Thus, my unfortunate quarrel with Somnus this evening past.

And lack of sleep does nothing to ameliorate our discombobulation.

So, despite the voices of my better angels, I write in the throes of a discombobulated fervor, asking for your patience and hoping that a grain of sagacity somehow finds it’s way through the flowing sands of balderdash.

If not, please read the Universal Declaration of Human Rights upon which today’s post was to be based. This, then, is what we should be focused on instead of populist protectionism.

After that, read my favorite article of the week, by local writer, military veteran, and former Trump-supporter R.V. Scheide, “On Bending the Knee.” The comment section, too, is a source of great erudition.

After that, feel free to come read this piece again. Maybe you’ll find that grain of sand I proposed. Or maybe not. Maybe the mindhunter stole it.

I don’t think I’ll be staying up tonight exploring that idea.

I can’t live another night without Somnus.

Into each life some rain must fall …

The first rain fell last night; the first rain of fall. The cold weather all week, in the morning hours, has kept me in bed til 6 or 7. The pounds are piling on. The chores, the writing, the AM walks around the block with the golden dogs, all are pushed to “tomorrow” every day. Winter is coming.

Group activities are in a lull. I’m spending more Sunday hours at home. There is no deck reading in the evening. The sun is already fading behind the trees; the shivers come out by 6. The fading light and whipping cold steal away the urge to sit, blow the pages to and fro. I reach for my joggers and sweaters instead of my shorts and tanks. I wear layers to work. Pants and shoes. The flip flops are hiding in the closet now. Autumn has come. In earnest.

I remember fondly the summer days. I remember pool parties and swamp cooler sweat. Ice chests full of beer. I remember it being too hot to sit on the deck for long. Too much light still coming through the window for an early sleep. The air conditioner blaring all night. I remember two weeks without air conditioning, and all the 100-degree days we endured through that. I’m recalling the anticipation of football coming back.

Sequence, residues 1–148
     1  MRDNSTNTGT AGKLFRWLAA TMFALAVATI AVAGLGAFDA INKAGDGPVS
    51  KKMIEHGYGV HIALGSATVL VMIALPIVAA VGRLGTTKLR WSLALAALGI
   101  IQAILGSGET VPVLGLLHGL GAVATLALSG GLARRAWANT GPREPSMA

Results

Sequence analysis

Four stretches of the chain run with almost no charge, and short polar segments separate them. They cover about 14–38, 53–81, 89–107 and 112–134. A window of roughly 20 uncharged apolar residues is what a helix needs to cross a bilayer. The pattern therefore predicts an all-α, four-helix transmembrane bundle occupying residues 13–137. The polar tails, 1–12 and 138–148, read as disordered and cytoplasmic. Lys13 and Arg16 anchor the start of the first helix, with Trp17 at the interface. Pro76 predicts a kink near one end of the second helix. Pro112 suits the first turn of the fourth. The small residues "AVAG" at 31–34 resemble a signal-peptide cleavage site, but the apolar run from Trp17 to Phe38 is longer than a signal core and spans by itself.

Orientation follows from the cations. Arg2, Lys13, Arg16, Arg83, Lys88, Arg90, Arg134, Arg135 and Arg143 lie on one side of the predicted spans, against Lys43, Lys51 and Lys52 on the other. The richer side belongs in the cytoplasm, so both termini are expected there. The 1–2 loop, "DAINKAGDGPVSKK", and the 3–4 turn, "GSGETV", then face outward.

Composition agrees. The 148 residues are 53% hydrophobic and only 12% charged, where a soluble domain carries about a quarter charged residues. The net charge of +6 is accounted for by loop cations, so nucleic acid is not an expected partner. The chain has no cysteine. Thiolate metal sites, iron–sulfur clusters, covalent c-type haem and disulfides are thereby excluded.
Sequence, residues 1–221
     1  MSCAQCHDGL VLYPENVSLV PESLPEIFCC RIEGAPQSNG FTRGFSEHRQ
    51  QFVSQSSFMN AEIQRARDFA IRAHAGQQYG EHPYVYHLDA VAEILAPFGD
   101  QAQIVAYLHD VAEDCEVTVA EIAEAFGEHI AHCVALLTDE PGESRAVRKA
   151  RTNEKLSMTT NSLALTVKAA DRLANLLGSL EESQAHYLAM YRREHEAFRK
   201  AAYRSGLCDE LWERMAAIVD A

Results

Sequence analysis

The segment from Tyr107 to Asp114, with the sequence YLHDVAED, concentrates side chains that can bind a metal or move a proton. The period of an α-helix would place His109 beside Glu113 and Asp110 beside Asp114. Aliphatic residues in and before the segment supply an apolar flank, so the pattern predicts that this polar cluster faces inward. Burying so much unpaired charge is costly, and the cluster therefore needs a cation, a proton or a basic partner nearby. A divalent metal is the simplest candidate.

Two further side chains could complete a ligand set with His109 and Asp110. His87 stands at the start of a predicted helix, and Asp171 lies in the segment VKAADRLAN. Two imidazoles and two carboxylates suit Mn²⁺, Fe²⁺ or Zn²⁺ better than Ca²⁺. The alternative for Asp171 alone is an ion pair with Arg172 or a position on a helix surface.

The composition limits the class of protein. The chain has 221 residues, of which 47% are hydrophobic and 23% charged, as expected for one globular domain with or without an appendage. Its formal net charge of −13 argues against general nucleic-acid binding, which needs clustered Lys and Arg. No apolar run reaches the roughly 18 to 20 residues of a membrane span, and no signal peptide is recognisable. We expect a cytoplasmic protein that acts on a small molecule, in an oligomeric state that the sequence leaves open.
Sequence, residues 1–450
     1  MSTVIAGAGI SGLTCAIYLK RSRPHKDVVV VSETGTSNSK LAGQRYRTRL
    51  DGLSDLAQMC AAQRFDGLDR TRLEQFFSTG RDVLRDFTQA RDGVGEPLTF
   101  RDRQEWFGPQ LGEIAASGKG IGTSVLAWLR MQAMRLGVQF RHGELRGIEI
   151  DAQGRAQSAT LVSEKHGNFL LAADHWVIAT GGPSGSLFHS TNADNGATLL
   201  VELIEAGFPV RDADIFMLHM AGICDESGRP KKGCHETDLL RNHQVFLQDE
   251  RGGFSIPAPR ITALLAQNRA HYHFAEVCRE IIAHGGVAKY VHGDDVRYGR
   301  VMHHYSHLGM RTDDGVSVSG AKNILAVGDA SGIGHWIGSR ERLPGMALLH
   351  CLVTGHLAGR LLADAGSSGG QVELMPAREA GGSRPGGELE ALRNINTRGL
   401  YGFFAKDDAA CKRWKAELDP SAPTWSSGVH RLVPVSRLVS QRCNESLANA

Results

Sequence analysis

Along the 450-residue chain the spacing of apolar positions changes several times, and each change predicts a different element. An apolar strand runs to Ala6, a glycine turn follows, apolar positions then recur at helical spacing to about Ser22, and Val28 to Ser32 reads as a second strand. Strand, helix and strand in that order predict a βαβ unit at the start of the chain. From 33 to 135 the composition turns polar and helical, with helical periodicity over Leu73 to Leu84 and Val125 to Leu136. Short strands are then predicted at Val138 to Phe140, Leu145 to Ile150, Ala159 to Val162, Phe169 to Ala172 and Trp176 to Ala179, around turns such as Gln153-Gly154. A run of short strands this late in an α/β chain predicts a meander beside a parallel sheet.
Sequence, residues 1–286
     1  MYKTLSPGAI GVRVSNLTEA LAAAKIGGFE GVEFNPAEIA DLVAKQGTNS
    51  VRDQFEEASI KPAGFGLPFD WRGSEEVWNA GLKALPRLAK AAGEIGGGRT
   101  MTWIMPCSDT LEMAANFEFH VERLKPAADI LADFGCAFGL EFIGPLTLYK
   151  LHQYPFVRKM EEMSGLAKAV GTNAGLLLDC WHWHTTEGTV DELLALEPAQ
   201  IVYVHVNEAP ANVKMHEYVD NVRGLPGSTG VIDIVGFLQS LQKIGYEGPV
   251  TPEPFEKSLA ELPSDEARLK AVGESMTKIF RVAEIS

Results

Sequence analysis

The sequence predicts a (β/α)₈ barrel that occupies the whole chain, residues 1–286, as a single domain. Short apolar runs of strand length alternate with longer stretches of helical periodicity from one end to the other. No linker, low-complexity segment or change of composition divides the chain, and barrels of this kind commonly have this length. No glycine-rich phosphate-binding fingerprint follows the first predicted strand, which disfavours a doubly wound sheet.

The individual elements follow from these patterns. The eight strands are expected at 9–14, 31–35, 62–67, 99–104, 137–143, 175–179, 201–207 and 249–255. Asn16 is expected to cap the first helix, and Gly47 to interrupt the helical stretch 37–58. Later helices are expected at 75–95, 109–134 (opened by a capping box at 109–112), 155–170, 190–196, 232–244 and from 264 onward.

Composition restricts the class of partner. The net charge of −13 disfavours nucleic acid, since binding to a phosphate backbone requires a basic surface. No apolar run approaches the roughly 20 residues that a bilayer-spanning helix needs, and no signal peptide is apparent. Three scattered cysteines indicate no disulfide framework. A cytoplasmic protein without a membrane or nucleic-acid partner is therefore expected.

I think about the years, the seasons through each one. Each 13-week succession through 49 years of life. I love change. I’m the rare bird that loves when things are suddenly different than they were. My body doesn’t like the process of the change, though. The sleeping in, like I mentioned. The cracked skin, this year choosing the right-middle knuckle for that. The legs, they itch like crazy when the weather turns cold. I don’t know why; I’ve always suffered that. I move slower in the cold. We all do.

My wife says to me, “we can finally have a fire again!” She loves the ambiance of fire at the hearth. Our current abode has a fireplace that produces no heat, or too little to be of measure, so it is just for the ambiance. But the feeling of things is somehow just as important as the utility of things. Atmosphere matters.

My mood has been affected this year, by the fading light, the rising chill. I get so little time to do the things I love, these days, and the shortened days seem to want to steal away even those scarce moments. I’ll adapt. I’m a reasonable man, a critically-thinking human being, who understands this feeling is fleeting. Tom will return.

He will.

But one thing I learned a long time ago is that we cannot always be ourselves. Our best selves. Like the seasons, we change. Like the daylight, we ebb and flow. Sometimes we shine so long it feels like the day will never end. Sometimes our shine hides behind the gloom. It seems like night all day. It was one of those weeks where the shine was hid, for no reason other than a change in pattern. A change in season. A cold front on the horizon.

It is in these moments that I appreciate the complexity of life. Everything is fine. Perfect, as a matter of fact. Love is strong within my house. Work is lucrative and busy. My writing feels right. A bad president’s numbers are down. Even the Rams are winning games. The perfect autumn. A serendipitous fall.

So excuse my unusual entry. Forgive my lack of witty banter. I’m not in the mood for the light today. I am embracing the gloom. Enjoying the rain.

I feel a little down these days.

And I kinda like it. 😊